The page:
Impressed by her intelligence, her grandmother renamed her Nurjahan Begum. Upon Begum Rokeya's request she was admitted to Sakhawat Memorial School at Baby Class. At school, Nuri grew up with the ideals of Begum Rokeya, in 1942, she passed her matriculation from Sakhawat Memorial School. In 1944, she passed her intermediate examinations and, in 1946, her Bachelors in Ethics, Philosophy and History from Lady Brabourne College.
Initially, she was assigned to help her father with filing, pasting and other general task at Shawgat. For the first four months, Nurjahan worked as the acting editor of the weekly magazine helping the editor poet Begum Sufia Kamal with collecting, editing and selecting writings for the issues.When Sufia Kamal had to move to Dhaka with her husband, Nurjahan took the charge of Begum as editor and till date steered the women's magazine, defying all kinds of political, social and financial difficulties.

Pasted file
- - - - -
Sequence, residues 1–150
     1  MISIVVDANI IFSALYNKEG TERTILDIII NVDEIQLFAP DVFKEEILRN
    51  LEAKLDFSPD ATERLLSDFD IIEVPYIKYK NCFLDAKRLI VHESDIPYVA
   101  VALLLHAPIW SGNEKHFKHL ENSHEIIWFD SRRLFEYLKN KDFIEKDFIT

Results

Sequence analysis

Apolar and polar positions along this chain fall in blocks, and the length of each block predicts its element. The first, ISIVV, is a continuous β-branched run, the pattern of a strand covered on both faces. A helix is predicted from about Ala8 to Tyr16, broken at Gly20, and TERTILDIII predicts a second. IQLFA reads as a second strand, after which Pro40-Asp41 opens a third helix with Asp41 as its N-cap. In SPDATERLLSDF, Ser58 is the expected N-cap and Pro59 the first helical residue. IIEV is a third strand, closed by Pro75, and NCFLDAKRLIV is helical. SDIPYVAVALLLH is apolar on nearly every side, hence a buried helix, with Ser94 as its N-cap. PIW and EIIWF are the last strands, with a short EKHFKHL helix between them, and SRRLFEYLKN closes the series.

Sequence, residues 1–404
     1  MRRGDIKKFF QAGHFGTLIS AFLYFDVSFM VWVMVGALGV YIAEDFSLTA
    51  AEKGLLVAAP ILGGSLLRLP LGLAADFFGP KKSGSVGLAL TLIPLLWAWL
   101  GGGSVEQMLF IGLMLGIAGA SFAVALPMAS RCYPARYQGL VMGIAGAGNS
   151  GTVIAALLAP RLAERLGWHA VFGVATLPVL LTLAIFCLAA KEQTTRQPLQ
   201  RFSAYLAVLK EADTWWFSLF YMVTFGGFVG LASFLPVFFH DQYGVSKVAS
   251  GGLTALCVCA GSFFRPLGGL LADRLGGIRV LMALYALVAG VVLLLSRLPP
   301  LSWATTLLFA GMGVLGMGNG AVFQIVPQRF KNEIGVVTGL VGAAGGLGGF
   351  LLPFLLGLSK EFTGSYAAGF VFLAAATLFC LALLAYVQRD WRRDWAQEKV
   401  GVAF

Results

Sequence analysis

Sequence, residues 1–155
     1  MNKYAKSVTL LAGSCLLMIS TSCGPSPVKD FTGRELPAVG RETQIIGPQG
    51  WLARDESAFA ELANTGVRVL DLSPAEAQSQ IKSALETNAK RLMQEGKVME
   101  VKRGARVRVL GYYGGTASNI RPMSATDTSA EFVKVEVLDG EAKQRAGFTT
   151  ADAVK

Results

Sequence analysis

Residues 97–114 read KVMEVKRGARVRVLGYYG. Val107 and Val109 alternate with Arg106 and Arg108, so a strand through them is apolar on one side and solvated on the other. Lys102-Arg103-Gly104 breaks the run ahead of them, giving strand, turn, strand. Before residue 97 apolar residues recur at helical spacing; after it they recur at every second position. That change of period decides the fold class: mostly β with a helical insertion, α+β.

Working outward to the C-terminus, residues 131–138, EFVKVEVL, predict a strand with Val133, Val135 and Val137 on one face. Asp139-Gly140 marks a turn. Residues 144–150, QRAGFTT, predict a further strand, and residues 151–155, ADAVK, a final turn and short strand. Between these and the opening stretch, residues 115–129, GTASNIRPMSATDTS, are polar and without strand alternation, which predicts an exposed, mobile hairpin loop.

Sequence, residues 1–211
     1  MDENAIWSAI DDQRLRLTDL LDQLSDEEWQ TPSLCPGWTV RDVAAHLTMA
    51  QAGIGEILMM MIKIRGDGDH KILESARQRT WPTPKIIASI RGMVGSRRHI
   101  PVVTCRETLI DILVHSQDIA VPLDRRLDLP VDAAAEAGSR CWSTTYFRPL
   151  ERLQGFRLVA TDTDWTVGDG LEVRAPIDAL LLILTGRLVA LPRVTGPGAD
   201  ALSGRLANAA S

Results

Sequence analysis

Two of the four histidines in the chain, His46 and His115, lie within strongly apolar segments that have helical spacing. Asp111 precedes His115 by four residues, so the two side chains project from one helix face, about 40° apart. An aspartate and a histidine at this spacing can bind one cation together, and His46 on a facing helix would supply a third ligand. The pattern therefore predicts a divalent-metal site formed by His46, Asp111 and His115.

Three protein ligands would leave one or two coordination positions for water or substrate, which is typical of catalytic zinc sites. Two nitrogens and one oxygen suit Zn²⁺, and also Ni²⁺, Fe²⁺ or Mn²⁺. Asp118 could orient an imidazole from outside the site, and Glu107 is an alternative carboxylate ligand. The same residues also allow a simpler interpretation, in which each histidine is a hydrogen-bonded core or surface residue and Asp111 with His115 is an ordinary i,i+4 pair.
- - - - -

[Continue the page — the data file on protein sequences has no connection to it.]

In the last seven decades, Begum had to witness Partition, Liberation War, change of regimes, change in printing technology, but its editor Nurjahan Begum never wavered. She continued to breathe life into Begum, when many other women's magazine from 1950s could not stand the test of time, Begum lived on, inspiring women not to give up. In Nurjahan Begum's words:
"There will always be problems we will have to face. There will always be religious conflict, social bindings and people trying to hold us back. We can lie low for a while, but ultimately, we have to move forward. It's the only way to go."